A common misconception among crypto traders is that blockchain transactions are anonymous and cant be traced, so there’s no need to pay tax. Fact is, if Revenue finds even a single transaction belonging to you, they can easily trace out your entire transaction history. Transparency – not privacy – is what blockchains are all about.

UK’s HMRC recently sent out notices to 3 top crypto exchanges demanding info on their users and there’s nothing stopping Revenue from doing the same. In Ireland, crypto investments are treated just like investments in stocks or shares. In other words, if you’re making profits (or losses) through the disposal of your cryptocurrency — whether by selling, gifting or exchanging — you need to pay a 33% Capital Gains Tax (CGT).

The deadline for filing CGT is at the end of this month. So, if you’re not sure how crypto taxes work or how to calculate them, here’s a fast crash course to get you going.

The paperwork: What you need to file

You have to fill out different forms depending on your situation. If you are a PAYE (Pay as You Earn) individual, you will have to file a CG1 Return. If you’re self-employed, you need to fill out Form 11. A confusing detail about capital gains taxes in Ireland is that they have to be paid in the same year that the gains were made but are declared in the following year.

As if that’s not enough, capital gains also have to be calculated for two separate periods. If you sell/exchange/gift crypto between 1st January to 30th November, you need to pay the tax by 15th December of the same year. For disposals between 1st to 31st December, you will have to pay Capital Gains Tax by 31st January of the following year.

Note that not making any profits during a year does not relieve you of your filing obligations. You have to submit your capital gains forms as long as you took part in a taxable activity irrespective of the outcome. If you neglect declaring taxes for a year, you will also have discrepancies in your declarations for the following years.

It’s also worth mentioning that you will have to submit a lot of details when you file your tax returns. This includes things like sales proceeds, date of sale, cost of acquiring the asset and so on. If you have a number of transactions throughout the year, this can get overwhelming so make sure you keep a proper log of all your transactions. If you haven’t been doing that so far, you can also use crypto tax software to help with this.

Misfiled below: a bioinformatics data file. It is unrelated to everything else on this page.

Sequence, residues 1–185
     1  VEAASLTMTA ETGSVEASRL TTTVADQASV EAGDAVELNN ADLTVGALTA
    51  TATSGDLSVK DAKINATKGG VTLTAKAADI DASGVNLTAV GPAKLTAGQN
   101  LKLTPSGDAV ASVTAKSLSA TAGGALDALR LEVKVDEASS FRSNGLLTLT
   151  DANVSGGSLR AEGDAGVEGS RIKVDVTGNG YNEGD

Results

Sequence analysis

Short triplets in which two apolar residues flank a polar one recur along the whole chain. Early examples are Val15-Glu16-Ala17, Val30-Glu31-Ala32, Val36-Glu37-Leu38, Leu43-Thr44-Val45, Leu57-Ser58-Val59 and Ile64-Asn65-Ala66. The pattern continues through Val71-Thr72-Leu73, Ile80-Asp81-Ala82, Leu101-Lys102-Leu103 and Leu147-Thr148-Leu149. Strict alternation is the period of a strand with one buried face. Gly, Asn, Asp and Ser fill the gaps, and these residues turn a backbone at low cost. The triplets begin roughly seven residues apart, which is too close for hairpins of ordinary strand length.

Remember to deduct your losses and expenses

If you made a loss on any crypto transactions during the year, you can use the loss to offset capital gains you made from any other transactions. In fact, you can even use these losses to offset gains that are made in later years. This is a surefire way of reducing your taxable gains.

Aside from losses you are also allowed to deduct a range of expenses to further reduce the taxable gains:

  • The purchase price of the asset (obviously), adjusted for inflation
  • Expenses related to facilitation of the transaction— eg. exchange fees
  • Mining expenses, including the cost of acquiring specialized hardware, software, and an encrypted online wallet

If you have a lot of trades you may find it difficult to assess the purchase price of a sold asset. Revenue requires you to use FIFO (First In First Out) to calculate the purchase prices i.e. the asset that was bought first is also the first one to go. There is however a special provision for assets that are sold within 28 days of purchase. For ex. if you bought 20 Bitcoins for €50,000 last year then bought another 10 Bitcoin for €100,000 a few days ago and now sell 10 of your Bitcoins for €120,000, your gain will be €20,0000 and not €70,000 as you might think.

Haven’t declared crypto taxes in previous years?

If you haven’t paid any taxes on crypto gains in the last few years, you still have time to make things right. Instead of waiting for Revenue to start an investigation, simply make an unprompted qualifying disclosure.

As part of this disclosure, you need to include complete details of all the investments along with the unpaid taxes plus the interest accrued (the rate of statutory interest for tax debts is 2%). You should ideally include the amount payable with the disclosure, although it’s also okay to pay it in instalments. Revenue may also decide to impose some penalties as part of the settlement which will depend on the amount of tax due, the nature of your error, and how much you co-operative. Naturally, if the disclosure is unprompted, the penalty is likely to be waived.

Final words

Given that the deadline is looming, it’s time to get your affairs in order and make sure you have everything you need to file your returns. If you’re still confused or require any additional guidance, you may want to hire a tax accountant that specializes in cryptocurrencies. This may be an expensive option but is likely pay for itself in the amount of taxes it saves you.

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